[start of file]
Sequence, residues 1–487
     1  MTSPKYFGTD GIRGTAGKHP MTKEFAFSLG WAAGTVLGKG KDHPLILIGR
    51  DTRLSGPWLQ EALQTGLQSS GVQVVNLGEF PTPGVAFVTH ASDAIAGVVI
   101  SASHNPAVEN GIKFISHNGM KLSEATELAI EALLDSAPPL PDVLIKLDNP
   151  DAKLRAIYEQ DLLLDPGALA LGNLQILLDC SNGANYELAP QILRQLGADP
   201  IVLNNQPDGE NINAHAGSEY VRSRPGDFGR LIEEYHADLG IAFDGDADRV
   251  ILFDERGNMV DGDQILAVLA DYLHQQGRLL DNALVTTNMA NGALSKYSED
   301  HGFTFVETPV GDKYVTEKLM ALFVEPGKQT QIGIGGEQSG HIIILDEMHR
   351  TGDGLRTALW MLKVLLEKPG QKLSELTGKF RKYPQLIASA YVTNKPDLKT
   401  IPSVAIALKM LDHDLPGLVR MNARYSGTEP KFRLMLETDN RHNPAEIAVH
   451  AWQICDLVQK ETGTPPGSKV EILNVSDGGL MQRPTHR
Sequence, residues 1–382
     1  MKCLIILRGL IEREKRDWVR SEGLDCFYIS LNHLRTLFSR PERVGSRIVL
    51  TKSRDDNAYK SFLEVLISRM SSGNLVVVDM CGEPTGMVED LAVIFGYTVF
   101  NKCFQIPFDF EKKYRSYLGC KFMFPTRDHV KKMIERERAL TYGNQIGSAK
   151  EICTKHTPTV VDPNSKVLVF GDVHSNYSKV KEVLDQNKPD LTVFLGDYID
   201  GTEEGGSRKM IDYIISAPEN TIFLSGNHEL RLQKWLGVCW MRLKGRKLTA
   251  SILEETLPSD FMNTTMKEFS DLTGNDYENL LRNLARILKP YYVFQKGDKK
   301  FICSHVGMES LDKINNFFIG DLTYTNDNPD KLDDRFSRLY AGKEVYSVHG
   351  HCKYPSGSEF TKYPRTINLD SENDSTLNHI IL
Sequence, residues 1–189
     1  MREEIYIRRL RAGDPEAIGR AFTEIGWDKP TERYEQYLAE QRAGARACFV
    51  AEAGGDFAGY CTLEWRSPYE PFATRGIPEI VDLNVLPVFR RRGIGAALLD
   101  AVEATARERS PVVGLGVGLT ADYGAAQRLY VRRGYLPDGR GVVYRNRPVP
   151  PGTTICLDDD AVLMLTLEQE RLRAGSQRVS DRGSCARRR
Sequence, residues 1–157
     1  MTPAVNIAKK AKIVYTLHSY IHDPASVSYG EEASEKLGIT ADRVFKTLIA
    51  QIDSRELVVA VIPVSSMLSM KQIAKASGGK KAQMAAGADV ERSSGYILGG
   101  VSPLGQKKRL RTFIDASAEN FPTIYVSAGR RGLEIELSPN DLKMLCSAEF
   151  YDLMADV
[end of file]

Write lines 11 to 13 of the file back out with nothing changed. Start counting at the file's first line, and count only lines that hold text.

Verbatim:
   451  AWQICDLVQK ETGTPPGSKV EILNVSDGGL MQRPTHR
Sequence, residues 1–382
     1  MKCLIILRGL IEREKRDWVR SEGLDCFYIS LNHLRTLFSR PERVGSRIVL